[Date Prev][Date Next][Thread Prev][Thread Next][Date Index][Thread Index][Subject Index][Author Index]

Re(2): The Brain

The idea of 10-15% being used in humans is from electrical activity
research.  Early EEG data showed only about 10% of the brain was active at
once.  It could do this by knowing the electrical activity of one neuron.
However, EEG data is not  positional and there is no way of know that it is
always the same 10%.  (They do see situations where 70%+ of the brain is
active -- some grand mal seisure.  Not what you could call normal healthy
brain activity.)  So 10% is used, but not always the same 10%.

In a way, we should be able to think this is not too surprising.  Consider
only the motor neurons.  Half activate flexor muscles and the other half
the extensors.  You would not want both highly activates at once.  Similar
thought can be extended to memory recall.  To have all your memories to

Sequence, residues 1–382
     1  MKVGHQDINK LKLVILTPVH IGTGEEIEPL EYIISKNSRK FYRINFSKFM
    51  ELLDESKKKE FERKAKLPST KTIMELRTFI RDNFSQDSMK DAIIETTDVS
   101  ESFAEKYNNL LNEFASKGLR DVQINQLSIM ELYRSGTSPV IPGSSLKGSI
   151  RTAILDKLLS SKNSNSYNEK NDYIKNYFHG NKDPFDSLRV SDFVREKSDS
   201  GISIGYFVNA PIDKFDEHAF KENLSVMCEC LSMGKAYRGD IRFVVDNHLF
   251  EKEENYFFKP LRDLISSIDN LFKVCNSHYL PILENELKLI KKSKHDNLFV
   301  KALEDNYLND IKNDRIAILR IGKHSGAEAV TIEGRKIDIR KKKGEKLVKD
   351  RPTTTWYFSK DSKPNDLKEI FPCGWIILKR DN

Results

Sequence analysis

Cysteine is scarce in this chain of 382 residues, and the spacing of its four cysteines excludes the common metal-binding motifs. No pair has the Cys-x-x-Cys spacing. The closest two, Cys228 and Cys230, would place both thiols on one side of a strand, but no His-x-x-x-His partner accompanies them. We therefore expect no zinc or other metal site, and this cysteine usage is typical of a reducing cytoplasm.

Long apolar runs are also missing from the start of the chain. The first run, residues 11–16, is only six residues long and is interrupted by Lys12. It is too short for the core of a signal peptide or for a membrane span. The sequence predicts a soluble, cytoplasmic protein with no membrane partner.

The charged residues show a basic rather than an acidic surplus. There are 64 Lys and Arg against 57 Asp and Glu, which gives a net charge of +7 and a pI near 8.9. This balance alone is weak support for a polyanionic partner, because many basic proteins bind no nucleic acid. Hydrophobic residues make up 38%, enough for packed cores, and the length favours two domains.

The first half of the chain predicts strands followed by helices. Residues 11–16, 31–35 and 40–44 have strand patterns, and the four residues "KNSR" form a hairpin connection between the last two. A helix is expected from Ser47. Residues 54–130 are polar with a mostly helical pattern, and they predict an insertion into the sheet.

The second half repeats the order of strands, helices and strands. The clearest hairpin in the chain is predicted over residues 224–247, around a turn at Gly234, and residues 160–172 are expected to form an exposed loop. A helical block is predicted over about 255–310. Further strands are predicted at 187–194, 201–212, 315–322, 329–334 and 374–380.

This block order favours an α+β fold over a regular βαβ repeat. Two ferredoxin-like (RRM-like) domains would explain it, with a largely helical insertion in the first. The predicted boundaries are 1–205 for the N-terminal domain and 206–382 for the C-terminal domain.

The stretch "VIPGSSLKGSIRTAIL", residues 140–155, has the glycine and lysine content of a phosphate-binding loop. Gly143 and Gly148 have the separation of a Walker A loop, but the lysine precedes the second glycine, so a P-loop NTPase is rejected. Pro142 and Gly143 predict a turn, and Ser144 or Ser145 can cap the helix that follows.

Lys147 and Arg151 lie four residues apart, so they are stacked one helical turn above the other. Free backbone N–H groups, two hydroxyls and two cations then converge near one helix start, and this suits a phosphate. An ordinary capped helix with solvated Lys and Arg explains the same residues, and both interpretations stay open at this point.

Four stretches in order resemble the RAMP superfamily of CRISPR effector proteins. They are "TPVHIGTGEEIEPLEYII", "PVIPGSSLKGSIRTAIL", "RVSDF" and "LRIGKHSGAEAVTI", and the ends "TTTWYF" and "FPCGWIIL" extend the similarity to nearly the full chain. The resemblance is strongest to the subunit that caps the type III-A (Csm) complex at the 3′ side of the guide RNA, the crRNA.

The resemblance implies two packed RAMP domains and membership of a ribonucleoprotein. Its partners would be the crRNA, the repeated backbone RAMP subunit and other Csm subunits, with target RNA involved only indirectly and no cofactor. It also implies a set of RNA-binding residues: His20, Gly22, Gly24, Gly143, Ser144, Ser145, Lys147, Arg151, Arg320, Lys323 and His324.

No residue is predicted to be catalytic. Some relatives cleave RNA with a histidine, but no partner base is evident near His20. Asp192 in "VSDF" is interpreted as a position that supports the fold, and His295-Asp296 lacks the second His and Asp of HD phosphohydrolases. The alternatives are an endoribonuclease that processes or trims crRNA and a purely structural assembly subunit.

occur at once would  be, at least, confusing.

But lets get back to dinosaurs.   A large brain may not be needed.  For
example, see the research of Dr. Pepperberg on an African Grey parrot named
Alex.  He has learned to associate words with many objects and actions.
Details can be found here:

BTW .. I am a high school biology teacher and stand to be corrected on any
of this.

Martin Badke
Edmonton, Alberta

>From: "Thomas R. Holtz, Jr." <th81@umail.umd.edu>
>To: rbartlet@axionet.com, dinosaur@usc.edu
>Subject: Re: The Brain
>At 09:35 PM 10/1/97 -0700, you wrote:
>>I grew up with the notion that dinosaurs were supposed to be stupid, for
>>example Diplodocus had a small head , and a small brain. Since humans only
>>use what 10 or 15 % of our brains
>>true potential,
>UGH!  Folklore alert, folklore alert!!
>Despite the fact that everyone "knows" this, it is not true.  What the ~15%
>value refers to is the fact that only some fraction of the brain is used for
>THINKING (or at least higher thought processes).  The rest is still used,
>just not for higher cognition.  (Of course the situation is more complex
>than this, but that is where the number comes from).
>Somewhere along the line, the idea that humans use only ~15% of the brain
>for higher thought processes turned into the idea that humans only use ~15%
>of their brain, period.  New Age-ism and bad sci fi not withstanding, this
>latter concept doesn't hold up.